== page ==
Posted by: greenchoyss | November 12, 2010 9:58 AM

As a Federal employee, I am fine with a freeze on Federal salaries until the economy shows some real improvement and the unemployment rate goes down further, but the reality is that the large Federal bureaucracy is a symptom of out-of-control spending by Congress and deficit spending, not a cause. The size of Government is a direct result of the never-ending creation of new programs and projects by each Congress and the extremely rare elimination of any program or project. It's also the result of union protections which allow "minimally successful" employees to remain on the job forever without improvement and make it a supervisor's second full-time job to do all the work required to take corrective action against a non-working (e.g., literally sleeping on the job) employee, or an employee promoted beyond his or her abilities. The result of a pay freeze without other changes (scaling back government programs and more flexibility in labor management) may be that hardworking and overburdened Federal employees who are worth retaining will leave Federal service to get more rewarding, less frustrating jobs elsewhere and leave frozen in place those employees who choose not to work or who are less skilled.

Posted by: alice1731 | November 13, 2010 1:06 PM

How to stop the reckless spending that blindly supports USA corporate welfare aka reckless spending:

The media has become a large part of the special interest takeover of our process as if they know what is best for all of us. Voters support this takeover by voting for those candidates who spend the most money and the question is why? The media loves those big campaign dollars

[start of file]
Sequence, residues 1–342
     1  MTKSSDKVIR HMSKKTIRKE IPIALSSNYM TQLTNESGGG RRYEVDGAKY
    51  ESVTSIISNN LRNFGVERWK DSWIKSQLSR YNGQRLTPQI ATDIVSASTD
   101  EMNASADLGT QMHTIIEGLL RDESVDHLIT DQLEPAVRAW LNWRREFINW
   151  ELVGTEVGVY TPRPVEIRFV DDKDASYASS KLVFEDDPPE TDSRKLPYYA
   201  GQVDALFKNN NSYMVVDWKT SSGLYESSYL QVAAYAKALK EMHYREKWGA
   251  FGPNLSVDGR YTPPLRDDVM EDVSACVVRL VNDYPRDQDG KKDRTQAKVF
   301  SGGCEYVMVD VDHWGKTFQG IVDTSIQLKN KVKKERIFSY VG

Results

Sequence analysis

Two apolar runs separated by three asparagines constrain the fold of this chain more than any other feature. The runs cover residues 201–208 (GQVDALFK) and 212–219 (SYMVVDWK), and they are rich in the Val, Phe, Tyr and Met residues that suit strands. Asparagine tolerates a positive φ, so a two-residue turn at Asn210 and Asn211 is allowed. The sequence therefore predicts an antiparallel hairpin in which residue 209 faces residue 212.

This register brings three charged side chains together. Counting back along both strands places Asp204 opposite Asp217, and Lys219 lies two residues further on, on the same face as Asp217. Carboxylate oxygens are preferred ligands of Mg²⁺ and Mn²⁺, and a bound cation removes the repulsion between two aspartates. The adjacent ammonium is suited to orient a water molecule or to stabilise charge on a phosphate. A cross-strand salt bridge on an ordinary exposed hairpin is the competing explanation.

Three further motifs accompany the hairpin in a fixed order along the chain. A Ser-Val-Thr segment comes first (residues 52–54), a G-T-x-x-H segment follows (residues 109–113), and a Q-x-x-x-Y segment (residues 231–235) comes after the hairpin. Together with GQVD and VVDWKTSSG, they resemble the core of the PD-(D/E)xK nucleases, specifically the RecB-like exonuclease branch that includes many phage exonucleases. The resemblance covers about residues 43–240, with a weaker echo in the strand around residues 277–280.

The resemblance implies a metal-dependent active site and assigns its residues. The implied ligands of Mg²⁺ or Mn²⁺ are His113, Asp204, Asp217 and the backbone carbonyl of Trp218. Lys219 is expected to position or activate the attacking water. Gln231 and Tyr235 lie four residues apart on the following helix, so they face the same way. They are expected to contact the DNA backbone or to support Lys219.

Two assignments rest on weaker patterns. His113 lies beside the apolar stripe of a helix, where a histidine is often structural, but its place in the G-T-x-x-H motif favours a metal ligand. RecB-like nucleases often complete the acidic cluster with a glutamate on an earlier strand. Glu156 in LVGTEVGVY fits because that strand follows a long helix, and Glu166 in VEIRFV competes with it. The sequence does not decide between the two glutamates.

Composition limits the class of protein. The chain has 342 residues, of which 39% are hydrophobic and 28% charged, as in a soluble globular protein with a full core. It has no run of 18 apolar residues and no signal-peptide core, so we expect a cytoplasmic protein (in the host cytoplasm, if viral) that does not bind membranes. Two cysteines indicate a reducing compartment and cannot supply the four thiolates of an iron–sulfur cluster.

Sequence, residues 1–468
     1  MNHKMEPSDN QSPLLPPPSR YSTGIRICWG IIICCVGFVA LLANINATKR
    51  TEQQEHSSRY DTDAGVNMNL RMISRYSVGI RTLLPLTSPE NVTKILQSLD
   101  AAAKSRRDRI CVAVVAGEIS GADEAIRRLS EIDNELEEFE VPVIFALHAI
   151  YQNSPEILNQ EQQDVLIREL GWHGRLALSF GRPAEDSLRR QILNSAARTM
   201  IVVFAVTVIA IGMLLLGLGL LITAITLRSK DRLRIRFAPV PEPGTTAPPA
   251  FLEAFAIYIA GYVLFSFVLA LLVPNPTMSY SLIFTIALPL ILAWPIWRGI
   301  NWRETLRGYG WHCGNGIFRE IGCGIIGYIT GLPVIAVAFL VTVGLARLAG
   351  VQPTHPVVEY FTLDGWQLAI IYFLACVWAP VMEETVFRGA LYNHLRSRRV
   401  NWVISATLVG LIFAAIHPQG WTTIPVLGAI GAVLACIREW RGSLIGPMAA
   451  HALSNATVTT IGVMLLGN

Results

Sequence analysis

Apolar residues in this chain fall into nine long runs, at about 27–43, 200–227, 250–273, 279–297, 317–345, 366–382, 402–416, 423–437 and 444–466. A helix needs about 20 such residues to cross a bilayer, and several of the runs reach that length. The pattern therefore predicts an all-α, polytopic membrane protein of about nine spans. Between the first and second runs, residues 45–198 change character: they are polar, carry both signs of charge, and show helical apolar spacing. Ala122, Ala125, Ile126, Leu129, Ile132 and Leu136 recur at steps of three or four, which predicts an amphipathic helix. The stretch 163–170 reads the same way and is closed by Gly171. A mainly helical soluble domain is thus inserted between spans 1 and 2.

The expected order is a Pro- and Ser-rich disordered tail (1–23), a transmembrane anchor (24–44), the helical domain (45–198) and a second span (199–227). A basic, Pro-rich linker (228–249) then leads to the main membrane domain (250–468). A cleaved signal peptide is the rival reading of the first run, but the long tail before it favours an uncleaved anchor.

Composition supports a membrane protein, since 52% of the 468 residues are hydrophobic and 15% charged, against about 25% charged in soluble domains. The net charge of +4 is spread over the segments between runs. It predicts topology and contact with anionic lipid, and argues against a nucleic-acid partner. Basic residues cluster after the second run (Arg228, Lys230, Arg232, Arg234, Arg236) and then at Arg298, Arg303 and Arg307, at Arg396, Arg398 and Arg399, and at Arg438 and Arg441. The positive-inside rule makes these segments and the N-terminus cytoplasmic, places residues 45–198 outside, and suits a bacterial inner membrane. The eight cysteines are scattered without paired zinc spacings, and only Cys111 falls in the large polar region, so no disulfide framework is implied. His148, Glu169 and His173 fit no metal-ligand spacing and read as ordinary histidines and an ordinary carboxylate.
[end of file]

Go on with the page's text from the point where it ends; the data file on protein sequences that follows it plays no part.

Campaigns go too long,spend way too much money and do not necessarily provide the best available. It is up to us to stop the nonsense at the voting booths.

Replace 95% of all elected officials every 4 years for the house and every 6 years for the Senate.

Not voting sends the wrong message and changes nothing.

Lets’s demand a new system and vote in Fair Vote America :
Demand a change on the next ballot.

Incumbents say NO to the voters while officials live in glass houses and digest corrupt money.

We need public financing of campaigns. Citizens cannot afford special interest money campaigns for it is the citizens that get left out. Let citizens vote on this issue.

Who would be against Public Funding? The special interest money providers plus their bought and paid for politicians!

Ralph Nader has been suggesting replace 90% each election cycle. Is it any wonder the media,our political parties and the many special interests keep him off the ballot and away from the public debates?

Posted by: rheckler2002 | November 14, 2010 7:20 AM

If what is happening in the private sector is a consideration for what happens in the public sector--I guess I should look for pay parity once the economy picks up?

No, Don't hold my breath.

Posted by: CultureClub | November 15, 2010 9:43 AM

Freezing salaries is a good way to get the best employees to quit, leaving you with those who cannot find better jobs.

It's a terrible way to manage your workforce and only ensures that you are left with those employees no one else wants.

Posted by: AxelDC | November 15, 2010 10:02 AM